The pressure of Little League sports could be doing some serious damage to your boy. The fear of failure is a terrible burden to carry around.
“Coleman, you are the slowest person I have ever seen in my entire life.” I’m eight years old, and the man screaming spittle into my face is in his forties. His ball cap is bumping my forehead; tears are stinging behind my eyes.
I cried a good bit when I played baseball; I cried when I struck out, when our team lost, when my parents wouldn’t let me quit. When I started playing the game, it was still just that: a game. I was on a co-ed tee ball team; no one kept score (if memory serves, we went undefeated that season), and it was mostly just a semi-organized chaos of kids running around with bats and gloves. Our parents told us how great we were, and we believed them. After tee ball was “Cap League”. In some places, this level of play is Coach pitch, but we used a pitching machine and let me tell you, when you know where how fast the ball will be, it makes the game a great deal simpler.
Eight year olds move to what was called “minor league”, which is the first time that we could use big barrel bats and the pitcher was a kid on the team. That’s when something changed.
I played catcher, and I was damn good. I hated playing catcher. I wanted to play pitcher or second base, but I was good at the position so my coaches made me play it. I begged my dad to intercede on my behalf, but I was good. I cried behind the mask’s cage. I complained enough that my coach let me pitch for four innings; I threw a no-hitter, then he put me back behind the plate. I never pitched again.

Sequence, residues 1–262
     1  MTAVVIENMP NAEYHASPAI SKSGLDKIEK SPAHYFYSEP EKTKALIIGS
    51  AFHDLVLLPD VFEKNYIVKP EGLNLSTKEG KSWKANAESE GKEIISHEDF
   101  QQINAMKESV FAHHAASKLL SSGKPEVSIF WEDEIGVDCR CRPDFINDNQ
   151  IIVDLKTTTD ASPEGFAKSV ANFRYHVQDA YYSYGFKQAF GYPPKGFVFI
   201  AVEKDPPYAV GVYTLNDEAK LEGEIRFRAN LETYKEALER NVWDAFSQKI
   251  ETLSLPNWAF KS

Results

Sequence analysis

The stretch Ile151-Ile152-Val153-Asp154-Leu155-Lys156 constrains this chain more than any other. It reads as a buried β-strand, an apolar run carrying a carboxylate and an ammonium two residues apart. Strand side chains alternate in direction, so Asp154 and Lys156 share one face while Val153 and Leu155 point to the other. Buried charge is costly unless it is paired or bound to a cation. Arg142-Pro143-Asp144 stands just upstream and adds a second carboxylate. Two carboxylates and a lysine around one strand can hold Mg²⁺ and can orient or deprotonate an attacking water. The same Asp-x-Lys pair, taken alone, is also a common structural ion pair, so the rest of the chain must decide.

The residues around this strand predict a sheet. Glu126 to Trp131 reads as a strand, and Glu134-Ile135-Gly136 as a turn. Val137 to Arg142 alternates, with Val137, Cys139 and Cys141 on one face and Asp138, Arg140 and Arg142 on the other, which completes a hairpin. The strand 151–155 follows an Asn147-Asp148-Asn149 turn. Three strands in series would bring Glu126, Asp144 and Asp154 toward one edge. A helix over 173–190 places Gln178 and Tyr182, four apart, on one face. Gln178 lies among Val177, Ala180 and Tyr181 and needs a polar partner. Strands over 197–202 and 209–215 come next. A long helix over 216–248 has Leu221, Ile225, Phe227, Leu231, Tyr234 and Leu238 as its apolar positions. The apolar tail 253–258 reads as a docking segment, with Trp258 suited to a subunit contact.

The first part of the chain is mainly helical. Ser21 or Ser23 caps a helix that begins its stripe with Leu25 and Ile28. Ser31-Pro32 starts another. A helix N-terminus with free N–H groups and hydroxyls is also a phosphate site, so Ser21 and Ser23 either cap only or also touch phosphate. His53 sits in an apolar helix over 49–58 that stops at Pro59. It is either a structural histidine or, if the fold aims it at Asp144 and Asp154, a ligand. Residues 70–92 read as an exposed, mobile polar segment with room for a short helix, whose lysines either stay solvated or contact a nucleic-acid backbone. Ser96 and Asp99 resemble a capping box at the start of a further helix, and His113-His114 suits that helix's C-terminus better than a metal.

So, there’s a story to be told, a story about a boy who loved baseball. He’s eight years old, and he doesn’t know anyone who can throw as far, or as accurately; he doesn’t know anyone who can hit as many home runs or who has a better batting average. Are there boys better at baseball? Probably. Not for long, though. Squatting behind the plate, he’s like a web; he catches wild pitches before he realizes he’s moved. Mind you, he hates it. The catcher’s gear is hot and dark. He watches the other kids in the field, and he wants to be them.
He bats fourth because that’s the clean-up position and he’s the best batter on the team. He’s got more home runs than entire teams combined. Keep in mind, he hates it. He doesn’t strike out often, but when he does, the world crashes. His coaches shout and throw their hats in the dirt. He’s slow. He’s ruined everything. He’s let his team down. He’s let himself down. They loom over him, more than a foot taller and a hundred pounds heavier, and they curse. “Coleman, you have one job. What the hell were you thinking? Keep your eye on the damn ball.” You see, they’ve instilled one idea in him: coming in second is not a loss, it’s failure.
He’s playing regionals and he hits a home run; he rounds the bases and his team rushes out to mob him with praise. The opposing team’s coach stomps out to the mound, frothing and pointing; he’s hopping on his feet and pointing at first base. The umpire, a twenty-year old kid, signals that the boy failed to touch first base: everyone is called out. The other coach wants to win so badly that he takes the boy’s triumph. He’s someone’s dad, and he takes some kids moment of glory because he wants to win. The boy’s coach screams at him, blood vessels straining. The boy knows he touched first base, but no one cares. He does what eight-year olds do; he cries.
He’s older now and he hates the game, because it’s not a game anymore. He’s so scared of losing that he throws up before games. He spends the night before the game lying awake, imagining all the different ways he might fail. He tells his parents how much he hates being yelled at and they tell him to act like a man; he’s nine.
So, when your kid strikes out, don’t tell him, “You’ll do better next time.” Tell him that he did just fine that time, because he did. Go easy on your kid or he might become so afraid of failing that he stops attempting. Even worse than that, he might start to believe that you only value him for his achievements.
Photo- Flickr/ Edwin Martinez